Chapter

Self-Authorship and Substantive Justice

ALAN BRUDNER

in Constitutional Goods

Published in print March 2007 | ISBN: 9780199225798
Published online January 2010 | e-ISBN: 9780191706516 | DOI: http://dx.doi.org/10.1093/acprof:oso/9780199225798.003.0006
Self-Authorship and Substantive Justice

More Like This

Show all results sharing this subject:

  • Constitutional and Administrative Law

GO

Show Summary Details

Preview

This chapter derives the constitutional doctrines flowing from the state's duty under the egalitarian paradigm to cultivate the conditions for everyone's living a self-authored life. In particular, it derives a right against strict criminal responsibility for harmful consequences, a right to express in right-respecting action one's conscientious beliefs, a right to state accommodation of conscientious belief where this is compatible with egalitarian public goals, and a qualified right to physician-assisted suicide. However, it criticizes those products of the egalitarian constitution flowing from the premise that the egalitarian principle is fundamental rather than part of a larger scheme. Specifically, it criticizes the egalitarian tendency toward strong legal paternalism, its repudiation of objective morality, and its inability to conceive of reasonable limits on the obscene and hateful public expression of conscientiously held beliefs.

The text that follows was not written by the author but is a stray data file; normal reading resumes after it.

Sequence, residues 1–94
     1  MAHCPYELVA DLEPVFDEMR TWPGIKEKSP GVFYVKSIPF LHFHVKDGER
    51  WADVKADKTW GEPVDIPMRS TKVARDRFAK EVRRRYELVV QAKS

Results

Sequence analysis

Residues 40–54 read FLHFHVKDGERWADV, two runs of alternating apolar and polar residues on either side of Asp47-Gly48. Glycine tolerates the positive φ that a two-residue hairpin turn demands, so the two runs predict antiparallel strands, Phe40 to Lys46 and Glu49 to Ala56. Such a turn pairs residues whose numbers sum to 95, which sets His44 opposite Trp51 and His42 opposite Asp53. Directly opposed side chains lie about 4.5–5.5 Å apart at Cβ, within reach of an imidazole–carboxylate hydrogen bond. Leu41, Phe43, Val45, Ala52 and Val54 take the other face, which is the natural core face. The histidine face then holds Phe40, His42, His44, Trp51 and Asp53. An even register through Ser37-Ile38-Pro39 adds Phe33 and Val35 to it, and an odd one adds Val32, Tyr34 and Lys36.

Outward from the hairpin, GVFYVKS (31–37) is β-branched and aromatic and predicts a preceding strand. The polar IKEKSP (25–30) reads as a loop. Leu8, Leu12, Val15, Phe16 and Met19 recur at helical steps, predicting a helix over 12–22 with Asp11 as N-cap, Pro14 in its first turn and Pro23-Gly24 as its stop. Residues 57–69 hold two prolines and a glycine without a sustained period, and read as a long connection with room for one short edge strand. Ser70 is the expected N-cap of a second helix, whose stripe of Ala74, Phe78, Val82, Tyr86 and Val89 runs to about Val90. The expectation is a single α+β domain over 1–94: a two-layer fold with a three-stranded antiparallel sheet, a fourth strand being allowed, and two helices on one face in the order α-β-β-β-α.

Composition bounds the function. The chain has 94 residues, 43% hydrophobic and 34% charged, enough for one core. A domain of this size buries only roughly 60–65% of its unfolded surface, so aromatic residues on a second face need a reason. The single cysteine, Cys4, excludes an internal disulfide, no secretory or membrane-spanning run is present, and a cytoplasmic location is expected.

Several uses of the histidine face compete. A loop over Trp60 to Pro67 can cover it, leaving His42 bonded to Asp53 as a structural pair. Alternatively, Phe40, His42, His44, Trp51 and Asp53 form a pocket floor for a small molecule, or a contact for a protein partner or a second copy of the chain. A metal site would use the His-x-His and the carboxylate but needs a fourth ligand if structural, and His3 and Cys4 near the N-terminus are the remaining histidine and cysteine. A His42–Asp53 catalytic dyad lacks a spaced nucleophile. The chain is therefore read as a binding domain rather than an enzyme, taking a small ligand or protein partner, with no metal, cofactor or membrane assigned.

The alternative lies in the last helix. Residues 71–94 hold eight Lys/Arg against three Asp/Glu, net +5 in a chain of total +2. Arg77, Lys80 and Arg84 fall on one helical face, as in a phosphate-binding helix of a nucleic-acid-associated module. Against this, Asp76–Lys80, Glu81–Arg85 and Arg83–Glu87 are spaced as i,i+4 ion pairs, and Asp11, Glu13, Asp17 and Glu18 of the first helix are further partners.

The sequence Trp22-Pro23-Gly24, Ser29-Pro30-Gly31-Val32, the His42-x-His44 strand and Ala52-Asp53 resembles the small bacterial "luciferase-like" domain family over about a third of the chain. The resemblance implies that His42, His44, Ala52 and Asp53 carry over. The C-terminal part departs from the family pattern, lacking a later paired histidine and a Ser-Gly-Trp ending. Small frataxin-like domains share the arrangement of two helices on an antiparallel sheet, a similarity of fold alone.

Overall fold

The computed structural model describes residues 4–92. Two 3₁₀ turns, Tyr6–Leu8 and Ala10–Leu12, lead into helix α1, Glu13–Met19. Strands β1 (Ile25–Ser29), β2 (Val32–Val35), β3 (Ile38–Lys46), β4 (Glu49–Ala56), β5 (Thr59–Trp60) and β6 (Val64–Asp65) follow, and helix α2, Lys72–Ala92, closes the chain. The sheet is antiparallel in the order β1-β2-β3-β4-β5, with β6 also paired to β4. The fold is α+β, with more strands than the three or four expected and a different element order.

Keywords: self-authorship; criminal responsibility; free expression; physician-assisted suicide; legal paternalism; objective morality; obscenity; hate speech

Chapter.  20105 words. 

Subjects: Constitutional and Administrative Law

Full text: subscription required

How to subscribe Recommend to my Librarian

Buy this work at Oxford University Press »

Users without a subscription are not able to see the full content. Please, subscribe or login to access all content.